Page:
ASUU Strike: We are Making Progress on ASUU – NUC
The Executive Secretary of National Universities Commission (NUC), Prof. Julius Okojie, has said progress is being made in seeking resolution to the lingering crisis, as the ongoing strike by the Academic Staff Union of Universities (ASUU) entered its 86th day.
But he was not specific, Okojie, who was speaking at a luncheon with journalists in Abuja Tuesday, added that the NUC was playing its part to resolve the crisis.
‘We are making progress, we are talking. NUC is ensuring that it provides enough information to ensure the resolution of the crisis. I am appealing to my colleagues, that whatever the issues are, we can talk about them,’ he said.
Commenting on other issues, Okojie disagreed with the notion that Nigerian certificates were not honoured abroad. He emphasised that Nigerians, who graduated from local institutions with honours are accepted to study in the best institutions abroad. ‘Many of these graduates, are the best in their programmes in foreign institutions,’ he said.
Okojie, however, admitted that the university system was still fraught with lots of irregularities and sharp practices. ‘When we suspended the licences of seven universities, we discovered that two of them had awarded doctorate degrees to 12 people when they were not even accredited for post graduate studies,’ Okojie disclosed.
In another development, the Supervising Minister of Education, Chief Nyesom Wike, has disclosed that the Universal Basic Education Commission (UBEC) has disbursed about N142 billion to states in the last three years.
The money is intended to support the provision of required infrastructure and materials as well as develop capacity in basic education in Nigeria. Meanwhile, the Lagos State Governor, Mr. Babatunde Fashola (SAN) and his Cross River State counterpart, Mr. Liyel Imoke, have identified unduly centralised system, outdated curricula at different levels and lack of harmony in the manner schools were run as critical challenges confronting the country’s education system.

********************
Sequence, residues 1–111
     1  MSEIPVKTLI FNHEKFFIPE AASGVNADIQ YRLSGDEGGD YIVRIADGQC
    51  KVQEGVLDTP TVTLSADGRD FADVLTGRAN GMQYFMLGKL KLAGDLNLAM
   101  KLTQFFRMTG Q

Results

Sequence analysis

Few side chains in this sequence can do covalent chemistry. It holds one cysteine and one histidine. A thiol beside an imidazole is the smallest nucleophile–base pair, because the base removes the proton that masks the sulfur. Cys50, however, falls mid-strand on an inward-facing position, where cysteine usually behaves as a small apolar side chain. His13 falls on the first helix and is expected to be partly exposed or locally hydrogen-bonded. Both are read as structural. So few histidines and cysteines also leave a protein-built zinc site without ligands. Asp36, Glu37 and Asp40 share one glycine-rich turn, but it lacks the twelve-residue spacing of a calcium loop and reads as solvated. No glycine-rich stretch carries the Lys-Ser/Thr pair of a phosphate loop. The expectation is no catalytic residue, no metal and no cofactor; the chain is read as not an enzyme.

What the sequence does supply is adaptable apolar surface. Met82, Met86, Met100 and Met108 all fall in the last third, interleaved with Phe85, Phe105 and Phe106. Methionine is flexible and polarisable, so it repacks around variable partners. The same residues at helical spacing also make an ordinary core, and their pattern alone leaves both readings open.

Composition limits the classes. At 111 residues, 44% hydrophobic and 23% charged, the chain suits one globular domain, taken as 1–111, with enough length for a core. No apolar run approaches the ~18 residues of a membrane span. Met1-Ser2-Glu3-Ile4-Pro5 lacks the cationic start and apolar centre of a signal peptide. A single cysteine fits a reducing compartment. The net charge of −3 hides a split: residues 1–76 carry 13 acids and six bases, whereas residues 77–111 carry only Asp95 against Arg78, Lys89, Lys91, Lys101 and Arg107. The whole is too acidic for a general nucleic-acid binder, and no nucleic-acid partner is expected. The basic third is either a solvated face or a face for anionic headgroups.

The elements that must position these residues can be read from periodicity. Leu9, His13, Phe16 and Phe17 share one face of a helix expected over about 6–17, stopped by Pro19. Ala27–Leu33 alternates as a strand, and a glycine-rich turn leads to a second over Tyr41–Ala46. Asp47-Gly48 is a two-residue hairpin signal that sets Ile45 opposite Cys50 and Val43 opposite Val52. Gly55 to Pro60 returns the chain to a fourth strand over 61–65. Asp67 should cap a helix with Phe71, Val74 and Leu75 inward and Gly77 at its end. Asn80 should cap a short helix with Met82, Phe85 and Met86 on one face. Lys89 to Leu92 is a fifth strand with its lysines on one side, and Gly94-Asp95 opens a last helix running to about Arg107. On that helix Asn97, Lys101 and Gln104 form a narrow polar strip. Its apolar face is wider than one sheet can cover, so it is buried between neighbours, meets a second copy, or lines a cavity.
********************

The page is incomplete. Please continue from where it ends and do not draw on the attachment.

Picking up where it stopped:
They expressed their concern at a public lecture titled, Public Private Partnership as Strategy for Education recently organised in Lagos to mark the Kings College Founders’ Day, noting that as a result of lack of such curriculum, the country ‘is producing manpower where its economy no longer needs them.’
Fashola said the nature of the Nigerian economy ‘has changed over the last 50 years, but the curriculum has remained almost the same. In order to change this trend and stem the increasing army of unemployed graduates, the review of such curriculum was not only necessary but also expedient.’
Fashola, who was a guest speaker at the lecture, called for the harmonisation of the school curriculum and calendar, said: ‘Indeed, if it is possible, without centralisation, there is a sense in which you know that a country is making progress when they begin to speak the same language on the same issue through many independent voices that operate like a well choreographed orchestra.’
He cited the National Youths Service Corps (NYSC) programme, which he said, was an example of disharmony in the university system on the ground that the programme had been broken into tiers in order to accommodate all the students graduating at different periods of the year. Also speaking, Imoke declared: ‘The problems of the Nigerian Education Sector are further exacerbated and crystallised at the tertiary level. Firstly, the Nigerian University System is in a crisis of manpower.’
Imoke added that according to the 2012 All Africa.com report by Prof. Ladipo Adamolekun, the former Dean of the Faculty of Administration, Obafemi Awolowo University, Ife, only 43 percent of academics in Nigerian universities are PhD holders’. Imoke therefore advocated the decentralization of the country’s education system with more responsibilities given to the states, adding that the right environment should be created for private sector participation in order to adequately fund education.